[..]

convlat.png

Overall, the T2000 performs very impressively. At very low numbers of concurrency, it actually has a higher latency than either of the Dell machines we tested, but these latencies are of the order of tens of milliseconds. In other words, the network latency makes a bigger difference in the overall scheme of things.


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SWaP

Posted on March 31st, 2006 at 12:51 by John Sinteur in category: Sun Coolthreads T2000

As I said in an earlier post on the T2000, most datacenters have a limit on how much power one rack cabinet can draw. Here in the Netherlands, the max is mostly set at about 4000 Watts, or about 16 Amps. A few years ago I found out the hard way that (Intel based) computers draw significantly more during powerup – the datacenter I was hosting my own servers at in Amsterdam had a (very rare) power outage, and when power came back, the entire rack of computers tried to boot at the same time, and triggered the 16 Amps surge protector. I had to come in (early on a Sunday, of course) and switch the rack on one by one.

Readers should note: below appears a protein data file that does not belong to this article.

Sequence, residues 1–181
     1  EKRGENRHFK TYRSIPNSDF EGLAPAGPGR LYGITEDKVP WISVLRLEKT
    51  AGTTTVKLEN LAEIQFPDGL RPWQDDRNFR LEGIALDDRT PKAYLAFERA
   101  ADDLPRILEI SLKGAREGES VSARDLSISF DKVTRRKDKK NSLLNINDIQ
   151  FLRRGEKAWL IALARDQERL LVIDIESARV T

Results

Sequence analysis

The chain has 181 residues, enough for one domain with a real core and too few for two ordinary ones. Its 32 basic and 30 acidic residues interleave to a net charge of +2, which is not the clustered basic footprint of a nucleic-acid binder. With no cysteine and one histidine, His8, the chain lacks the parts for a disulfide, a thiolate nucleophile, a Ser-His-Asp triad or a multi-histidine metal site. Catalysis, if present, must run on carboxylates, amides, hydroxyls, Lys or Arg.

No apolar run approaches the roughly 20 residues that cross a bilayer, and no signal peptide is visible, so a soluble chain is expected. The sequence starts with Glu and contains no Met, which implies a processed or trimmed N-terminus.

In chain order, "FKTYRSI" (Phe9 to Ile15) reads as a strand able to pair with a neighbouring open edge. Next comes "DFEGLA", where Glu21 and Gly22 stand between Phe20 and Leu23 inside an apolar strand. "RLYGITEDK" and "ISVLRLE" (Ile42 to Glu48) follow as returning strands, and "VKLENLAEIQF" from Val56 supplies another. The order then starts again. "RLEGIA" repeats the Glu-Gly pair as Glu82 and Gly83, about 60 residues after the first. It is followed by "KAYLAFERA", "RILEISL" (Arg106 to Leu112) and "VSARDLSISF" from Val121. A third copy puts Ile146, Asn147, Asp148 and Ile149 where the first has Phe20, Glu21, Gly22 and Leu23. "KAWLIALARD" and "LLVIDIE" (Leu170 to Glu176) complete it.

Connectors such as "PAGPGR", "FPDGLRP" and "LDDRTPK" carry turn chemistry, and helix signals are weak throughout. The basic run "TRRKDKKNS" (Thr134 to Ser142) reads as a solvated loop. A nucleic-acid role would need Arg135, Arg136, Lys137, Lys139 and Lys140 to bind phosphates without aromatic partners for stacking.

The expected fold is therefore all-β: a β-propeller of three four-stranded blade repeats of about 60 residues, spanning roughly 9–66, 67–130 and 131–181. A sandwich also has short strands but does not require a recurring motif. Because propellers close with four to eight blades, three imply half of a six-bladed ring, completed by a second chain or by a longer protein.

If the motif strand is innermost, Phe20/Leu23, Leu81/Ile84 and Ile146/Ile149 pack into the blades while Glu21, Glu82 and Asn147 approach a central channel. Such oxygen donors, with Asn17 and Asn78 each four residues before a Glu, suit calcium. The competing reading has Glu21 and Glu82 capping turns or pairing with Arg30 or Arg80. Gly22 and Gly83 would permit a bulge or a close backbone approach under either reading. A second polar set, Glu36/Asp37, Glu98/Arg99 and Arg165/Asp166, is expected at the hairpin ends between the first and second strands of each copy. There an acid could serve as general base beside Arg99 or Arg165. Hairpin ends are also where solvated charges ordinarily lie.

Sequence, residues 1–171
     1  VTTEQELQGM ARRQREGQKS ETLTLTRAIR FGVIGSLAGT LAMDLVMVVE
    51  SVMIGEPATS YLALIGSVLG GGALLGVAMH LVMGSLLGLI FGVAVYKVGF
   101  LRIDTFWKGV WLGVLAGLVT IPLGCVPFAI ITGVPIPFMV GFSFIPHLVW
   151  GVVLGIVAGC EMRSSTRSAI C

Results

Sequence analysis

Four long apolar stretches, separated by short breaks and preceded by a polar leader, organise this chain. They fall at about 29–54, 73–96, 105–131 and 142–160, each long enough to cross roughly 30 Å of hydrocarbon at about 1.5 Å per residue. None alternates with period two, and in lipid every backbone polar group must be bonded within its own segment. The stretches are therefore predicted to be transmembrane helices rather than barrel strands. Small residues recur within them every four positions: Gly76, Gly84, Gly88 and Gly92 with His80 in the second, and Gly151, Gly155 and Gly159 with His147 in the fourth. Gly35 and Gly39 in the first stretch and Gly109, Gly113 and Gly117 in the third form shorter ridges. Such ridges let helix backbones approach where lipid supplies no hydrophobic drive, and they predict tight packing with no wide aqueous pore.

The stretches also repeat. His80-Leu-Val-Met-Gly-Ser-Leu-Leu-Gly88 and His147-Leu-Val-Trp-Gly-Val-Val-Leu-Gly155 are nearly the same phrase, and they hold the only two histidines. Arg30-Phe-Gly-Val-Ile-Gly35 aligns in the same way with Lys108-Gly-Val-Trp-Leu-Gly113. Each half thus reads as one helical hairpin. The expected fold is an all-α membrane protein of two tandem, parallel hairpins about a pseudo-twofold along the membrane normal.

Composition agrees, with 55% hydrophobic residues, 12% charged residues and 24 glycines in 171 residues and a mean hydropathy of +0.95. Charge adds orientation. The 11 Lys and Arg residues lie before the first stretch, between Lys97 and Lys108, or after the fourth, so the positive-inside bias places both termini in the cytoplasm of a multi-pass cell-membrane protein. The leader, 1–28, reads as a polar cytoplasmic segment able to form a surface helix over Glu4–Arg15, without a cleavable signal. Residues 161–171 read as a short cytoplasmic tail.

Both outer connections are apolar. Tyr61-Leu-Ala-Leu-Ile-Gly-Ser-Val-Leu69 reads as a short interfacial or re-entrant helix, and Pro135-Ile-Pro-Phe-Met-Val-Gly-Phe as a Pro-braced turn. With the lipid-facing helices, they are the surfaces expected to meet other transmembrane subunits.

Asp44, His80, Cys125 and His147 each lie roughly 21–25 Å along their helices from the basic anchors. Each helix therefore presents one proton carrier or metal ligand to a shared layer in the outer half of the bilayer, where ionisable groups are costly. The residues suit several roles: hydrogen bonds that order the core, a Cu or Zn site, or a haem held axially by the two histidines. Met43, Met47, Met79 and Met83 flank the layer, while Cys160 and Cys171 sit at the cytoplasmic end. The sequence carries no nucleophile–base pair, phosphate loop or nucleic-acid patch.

A quick test shows the Pentium 4 machine I’ve been testing with draws about 1.6 Amps, the T2000 about 1. I’ll probably do some performance tests with a Sun 440 as well later on, but I don’t know offhand how much power that machine draws. More, if I recall correctly.

Anyway, you do the math: fill a cabinet with pentium 4’s and see where you max out and fill a cabinet with T2000’s – the T2000 wins hands down with “performance per watt”.

So it won’t just save you a lot on floor space and your energy bill, it may just save you from an early Sunday trip as well…